Much like blockchain, the Hawala system is built on trust – but that’s where any similarities end. In fact, cryptocurrencies – many of which are blockchain-powered – may eventually be­come a replacement for Hawala and other exist­ing forms of international remittances. Cryptocur­rencies can enable people to exchange currency online without any middleman – even banks. 

International remittance is one of many compelling use cases for blockchain. The technology’s ability to digitise trust makes it a unique fit for many African countries, par­ticularly those where processes and supply chains remain poorly designed and susceptible to corruption.

At Liquid Telecom, we’re excited about the potential for blockchain technology across the region. Along with other emerging tech­nologies, we recognise this as another major new digital opportunity for businesses that utilises our network infrastructure and servic­es. The rise of blockchain innovation will rely on the skills and talent of the region’s soft­ware developers, who themselves rely on a high-speed internet connection and access to cloud-based tools. Our fibre footprint – which will soon stretch all the way from Cape Town, South Africa, to Cairo, Egypt – is providing the foundations for digital innovation, while our partnership with Microsoft is enabling access to the cloud-based services and tools needed to create digital solutions for local problems.

Last year, with support from Microsoft, we set-up our Go Cloud initiative, which is helping to provide the region’s start-up communities with technical support, training and access to software. Using Azure Cloud, start-ups can cut development time and experiment easily with modular, preconfigured networks and infra­structure, enabling them to iterate and validate blockchain scenarios quickly by using built-in connections to Azure.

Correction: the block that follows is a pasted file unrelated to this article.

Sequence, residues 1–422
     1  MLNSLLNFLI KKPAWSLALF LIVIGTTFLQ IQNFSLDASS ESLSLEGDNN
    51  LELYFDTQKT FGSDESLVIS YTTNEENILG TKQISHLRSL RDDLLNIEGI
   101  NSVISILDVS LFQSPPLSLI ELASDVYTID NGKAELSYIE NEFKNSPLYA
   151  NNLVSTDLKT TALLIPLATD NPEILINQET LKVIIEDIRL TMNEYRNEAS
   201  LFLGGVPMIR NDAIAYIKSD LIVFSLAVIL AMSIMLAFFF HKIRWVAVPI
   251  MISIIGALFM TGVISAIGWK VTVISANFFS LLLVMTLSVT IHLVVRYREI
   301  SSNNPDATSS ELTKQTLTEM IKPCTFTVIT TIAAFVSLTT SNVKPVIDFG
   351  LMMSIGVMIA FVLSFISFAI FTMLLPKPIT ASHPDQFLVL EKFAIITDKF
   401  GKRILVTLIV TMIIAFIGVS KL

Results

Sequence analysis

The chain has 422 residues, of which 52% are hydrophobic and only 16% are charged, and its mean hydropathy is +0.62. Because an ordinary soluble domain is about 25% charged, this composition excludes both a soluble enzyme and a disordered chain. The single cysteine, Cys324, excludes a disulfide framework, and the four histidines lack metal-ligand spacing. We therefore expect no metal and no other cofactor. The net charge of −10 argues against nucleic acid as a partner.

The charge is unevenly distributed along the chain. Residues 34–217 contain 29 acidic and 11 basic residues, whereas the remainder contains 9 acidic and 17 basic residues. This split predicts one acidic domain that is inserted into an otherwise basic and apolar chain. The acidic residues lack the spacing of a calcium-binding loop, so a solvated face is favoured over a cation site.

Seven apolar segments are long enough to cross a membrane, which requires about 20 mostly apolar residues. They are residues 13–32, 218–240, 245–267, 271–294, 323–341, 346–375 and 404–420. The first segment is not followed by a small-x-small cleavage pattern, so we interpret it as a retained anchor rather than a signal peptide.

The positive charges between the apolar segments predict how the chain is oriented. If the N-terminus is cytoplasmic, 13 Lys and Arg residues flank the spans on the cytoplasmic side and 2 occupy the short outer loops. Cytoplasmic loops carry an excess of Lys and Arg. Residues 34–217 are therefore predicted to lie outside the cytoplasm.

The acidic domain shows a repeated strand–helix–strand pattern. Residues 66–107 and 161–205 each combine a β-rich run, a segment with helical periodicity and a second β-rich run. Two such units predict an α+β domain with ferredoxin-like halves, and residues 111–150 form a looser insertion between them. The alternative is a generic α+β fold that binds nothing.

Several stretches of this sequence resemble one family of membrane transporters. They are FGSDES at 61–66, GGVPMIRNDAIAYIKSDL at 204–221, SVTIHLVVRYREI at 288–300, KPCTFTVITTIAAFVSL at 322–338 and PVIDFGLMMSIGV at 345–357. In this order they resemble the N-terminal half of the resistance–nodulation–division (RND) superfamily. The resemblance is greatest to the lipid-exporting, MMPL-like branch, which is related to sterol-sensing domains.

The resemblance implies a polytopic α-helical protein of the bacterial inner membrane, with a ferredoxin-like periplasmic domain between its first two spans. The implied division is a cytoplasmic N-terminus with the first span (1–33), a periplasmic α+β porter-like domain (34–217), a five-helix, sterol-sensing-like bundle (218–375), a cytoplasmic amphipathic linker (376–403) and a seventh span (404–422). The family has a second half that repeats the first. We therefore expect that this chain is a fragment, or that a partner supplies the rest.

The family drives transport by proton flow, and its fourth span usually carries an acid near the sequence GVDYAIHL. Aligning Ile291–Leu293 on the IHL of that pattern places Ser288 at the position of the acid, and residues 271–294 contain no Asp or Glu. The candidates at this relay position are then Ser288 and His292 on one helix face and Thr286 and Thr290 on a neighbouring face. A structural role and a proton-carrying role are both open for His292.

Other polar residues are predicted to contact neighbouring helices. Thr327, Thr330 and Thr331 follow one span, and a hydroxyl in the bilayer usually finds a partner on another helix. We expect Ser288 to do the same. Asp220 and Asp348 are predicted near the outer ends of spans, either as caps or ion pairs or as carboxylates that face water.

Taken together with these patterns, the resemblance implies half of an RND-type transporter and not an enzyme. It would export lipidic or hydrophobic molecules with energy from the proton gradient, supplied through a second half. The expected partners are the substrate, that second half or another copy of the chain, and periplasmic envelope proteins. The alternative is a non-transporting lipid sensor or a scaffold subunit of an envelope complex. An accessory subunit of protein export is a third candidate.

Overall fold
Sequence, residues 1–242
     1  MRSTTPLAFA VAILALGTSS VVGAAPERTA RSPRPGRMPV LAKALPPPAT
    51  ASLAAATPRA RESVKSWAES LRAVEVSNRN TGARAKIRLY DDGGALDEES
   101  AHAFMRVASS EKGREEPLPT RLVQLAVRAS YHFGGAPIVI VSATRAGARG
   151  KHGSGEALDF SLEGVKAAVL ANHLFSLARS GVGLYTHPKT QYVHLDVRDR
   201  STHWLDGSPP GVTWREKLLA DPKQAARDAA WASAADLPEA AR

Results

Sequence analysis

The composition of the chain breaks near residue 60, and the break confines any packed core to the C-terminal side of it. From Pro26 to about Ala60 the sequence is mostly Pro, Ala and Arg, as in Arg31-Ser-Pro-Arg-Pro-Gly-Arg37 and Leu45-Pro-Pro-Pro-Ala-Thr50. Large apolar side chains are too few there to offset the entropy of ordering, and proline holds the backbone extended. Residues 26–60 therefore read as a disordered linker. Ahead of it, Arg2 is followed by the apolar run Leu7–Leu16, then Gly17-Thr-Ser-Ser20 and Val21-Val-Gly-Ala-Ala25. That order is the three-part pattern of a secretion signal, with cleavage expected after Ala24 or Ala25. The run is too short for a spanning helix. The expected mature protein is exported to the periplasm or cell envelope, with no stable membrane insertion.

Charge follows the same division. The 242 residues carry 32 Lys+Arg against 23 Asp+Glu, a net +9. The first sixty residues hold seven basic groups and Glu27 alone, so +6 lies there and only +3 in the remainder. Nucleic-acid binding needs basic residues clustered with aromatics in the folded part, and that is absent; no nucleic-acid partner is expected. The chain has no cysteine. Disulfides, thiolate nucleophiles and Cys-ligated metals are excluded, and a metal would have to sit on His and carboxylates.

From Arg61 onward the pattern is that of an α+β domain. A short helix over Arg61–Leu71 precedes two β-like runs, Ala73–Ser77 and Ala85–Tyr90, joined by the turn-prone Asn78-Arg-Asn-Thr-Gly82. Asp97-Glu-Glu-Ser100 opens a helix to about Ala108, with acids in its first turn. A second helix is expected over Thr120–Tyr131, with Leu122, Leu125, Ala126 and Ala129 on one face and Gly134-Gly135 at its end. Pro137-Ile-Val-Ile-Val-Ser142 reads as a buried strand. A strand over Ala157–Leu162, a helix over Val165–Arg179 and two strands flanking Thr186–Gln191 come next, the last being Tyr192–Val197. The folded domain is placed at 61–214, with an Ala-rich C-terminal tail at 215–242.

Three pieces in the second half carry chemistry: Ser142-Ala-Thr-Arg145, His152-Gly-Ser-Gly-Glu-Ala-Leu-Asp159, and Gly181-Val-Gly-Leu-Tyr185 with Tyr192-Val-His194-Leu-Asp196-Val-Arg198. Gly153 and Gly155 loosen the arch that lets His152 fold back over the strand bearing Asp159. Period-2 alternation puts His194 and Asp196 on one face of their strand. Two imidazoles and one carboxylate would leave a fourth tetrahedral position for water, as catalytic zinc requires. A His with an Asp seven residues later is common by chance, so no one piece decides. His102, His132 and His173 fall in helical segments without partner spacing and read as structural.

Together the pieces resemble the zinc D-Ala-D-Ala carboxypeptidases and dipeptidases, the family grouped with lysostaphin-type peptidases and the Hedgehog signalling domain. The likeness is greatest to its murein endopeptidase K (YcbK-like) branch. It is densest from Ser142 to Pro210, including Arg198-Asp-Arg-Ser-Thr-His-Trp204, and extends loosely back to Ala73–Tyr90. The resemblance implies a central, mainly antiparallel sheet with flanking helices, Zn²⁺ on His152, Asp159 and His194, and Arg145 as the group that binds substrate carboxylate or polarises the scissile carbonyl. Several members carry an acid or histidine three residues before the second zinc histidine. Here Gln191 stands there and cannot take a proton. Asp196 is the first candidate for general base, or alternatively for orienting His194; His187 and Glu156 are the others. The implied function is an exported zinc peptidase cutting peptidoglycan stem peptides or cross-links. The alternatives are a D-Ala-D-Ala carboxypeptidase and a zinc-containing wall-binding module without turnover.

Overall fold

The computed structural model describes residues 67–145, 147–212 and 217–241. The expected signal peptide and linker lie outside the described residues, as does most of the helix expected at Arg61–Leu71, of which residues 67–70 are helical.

We’re starting to see the first crop of African start-ups experimenting with blockchain and cryptocurrencies. Take Rwandan start-up Up­lus, which is utilising blockchain to secure all transactions on its digital crowdfunding plat­form. The technology also allows the platform to take contributions from any country and covert it to the local currency.

A lot of existing applications in Africa tend to fall short when it comes to user experience, and blockchain could certainly help address some of these issues – be it by creating a new trusted way to make payments or verify user identification. During this early stage of block­chain experimentation and proof of concept, it will be crucial for start-ups and businesses to develop solutions that are relevant for Afri­can communities. Without that, the technology won’t gather momentum.

Regulation can nurture or constrict the tech­nology and will have a role to play in being a ‘make or break’ for blockchain. Living in Ken­ya, I’m proud to see how proactive the gov­ernment has been in seizing the blockchain opportunity. The creation by the President of a taskforce earlier this year dedicated to blockchain – led by the former permanent secretary for Ministry of Information and Com­munications, Dr. Bitange Ndemo (see page 7) – shows how committed the country is to being a leader in emerging technologies. As more African countries follow Kenya’s lead, blockchain should hopefully find itself reso­nating more powerfully with local businesses and consumers.